We proudly join over 2.9 million charter school students nationwide in support of National School Choice Week.
Held every January, National School Choice Week focuses on increasing public awareness and empowering parents with the freedom to choose the best educational environments for their children. These options include traditional public schools, public charter schools, magnet schools, online learning, private schools, and homeschooling.
School choice is the movement that offers charter schools as a viable option in education. We are a North Carolina Public School Choice opportunity for education and parents who are seeking a choice for their students’ academic needs have said YES to choosing our school.
Thank YOU for choosing The Learning Center Charter School for your students!
In the two years that Ryan Bender has been Head of School at The Learning Center Charter School, he has been committed to innovative education and weaving it into all that he does at the school.
Under Bender’s leadership, the school became a certified Open Way Learning (OWL) Academy in September 2020. OWL is a nonprofit organization with the singular mission to help schools develop, sustain, and grow cultures of innovation that better prepares students for our modern world and workforce. According to openwaylearning.org, OWL is a framework that encourages educators to create, modify, and share best practices to help education keep pace with a rapidly changing economy, society, and environment.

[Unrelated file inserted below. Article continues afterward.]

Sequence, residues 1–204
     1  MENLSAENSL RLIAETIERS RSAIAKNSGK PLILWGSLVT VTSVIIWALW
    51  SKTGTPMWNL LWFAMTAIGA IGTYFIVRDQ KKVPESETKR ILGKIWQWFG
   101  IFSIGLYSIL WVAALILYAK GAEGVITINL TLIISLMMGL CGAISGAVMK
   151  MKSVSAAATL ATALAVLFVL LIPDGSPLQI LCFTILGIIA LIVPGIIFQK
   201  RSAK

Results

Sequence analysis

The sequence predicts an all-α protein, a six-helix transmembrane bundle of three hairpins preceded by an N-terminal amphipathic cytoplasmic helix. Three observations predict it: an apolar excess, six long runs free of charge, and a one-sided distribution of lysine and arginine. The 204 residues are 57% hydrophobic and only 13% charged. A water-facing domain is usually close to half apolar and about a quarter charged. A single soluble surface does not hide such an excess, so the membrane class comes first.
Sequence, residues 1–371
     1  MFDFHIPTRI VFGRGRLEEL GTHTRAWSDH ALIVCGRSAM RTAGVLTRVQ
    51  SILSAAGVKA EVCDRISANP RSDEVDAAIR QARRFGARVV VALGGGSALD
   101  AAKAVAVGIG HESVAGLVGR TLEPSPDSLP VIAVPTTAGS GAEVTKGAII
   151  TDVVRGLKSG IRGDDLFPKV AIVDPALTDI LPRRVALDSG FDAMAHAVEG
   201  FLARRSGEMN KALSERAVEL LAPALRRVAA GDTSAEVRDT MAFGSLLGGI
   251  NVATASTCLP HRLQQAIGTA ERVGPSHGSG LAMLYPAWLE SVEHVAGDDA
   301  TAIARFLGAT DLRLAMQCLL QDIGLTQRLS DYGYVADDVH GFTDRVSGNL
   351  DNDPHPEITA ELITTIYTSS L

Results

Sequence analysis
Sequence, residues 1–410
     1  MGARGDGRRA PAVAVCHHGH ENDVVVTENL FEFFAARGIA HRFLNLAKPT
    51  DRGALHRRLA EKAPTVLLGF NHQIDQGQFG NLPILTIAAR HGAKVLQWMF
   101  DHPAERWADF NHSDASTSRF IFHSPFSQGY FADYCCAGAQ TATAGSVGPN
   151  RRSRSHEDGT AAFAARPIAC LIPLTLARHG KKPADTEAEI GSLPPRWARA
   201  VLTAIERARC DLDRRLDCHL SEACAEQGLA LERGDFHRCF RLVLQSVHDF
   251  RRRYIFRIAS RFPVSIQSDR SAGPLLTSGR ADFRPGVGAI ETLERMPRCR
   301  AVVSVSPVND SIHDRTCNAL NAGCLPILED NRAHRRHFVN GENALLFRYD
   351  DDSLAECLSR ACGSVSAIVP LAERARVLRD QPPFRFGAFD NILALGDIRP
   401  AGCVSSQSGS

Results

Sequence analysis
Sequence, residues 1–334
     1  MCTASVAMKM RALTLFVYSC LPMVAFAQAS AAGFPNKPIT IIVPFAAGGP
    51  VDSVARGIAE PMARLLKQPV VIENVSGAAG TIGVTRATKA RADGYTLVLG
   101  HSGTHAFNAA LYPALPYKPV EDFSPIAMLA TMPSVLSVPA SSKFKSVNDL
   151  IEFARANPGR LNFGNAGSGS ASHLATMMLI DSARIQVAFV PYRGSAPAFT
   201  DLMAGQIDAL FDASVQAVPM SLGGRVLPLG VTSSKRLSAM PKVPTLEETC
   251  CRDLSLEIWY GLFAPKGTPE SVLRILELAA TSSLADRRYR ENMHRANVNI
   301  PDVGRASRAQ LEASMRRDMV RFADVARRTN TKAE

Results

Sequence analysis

Bender was introduced to the HundrED movement through the OWL Academy connection. HundrED is a global education nonprofit organization which seeks and shares inspiring innovation in primary and secondary education.
“I was accepted as a HundrED ambassador and this distinction connects our school to resources and innovative education happening across the globe,” said Bender. “This benefits our school by linking resources for Professional Development for teachers as well as more educational resources for our students.”
“The voluntary HundrED community comprises over 600+ teachers, school principals, education consultants, professors, parents, and students from over 90 countries,” said Bender. “This network of educators helps identify what works in schools and collaborate to drive change on the local level.”
Bender added that the HundrED program is in line with the school’s OWL philosophy of free and open-source access. “Engaging in shared vision, collaboration, and the free exchange of ideas ensures that our school will continue to create customized solutions for our students and community,” said Bender.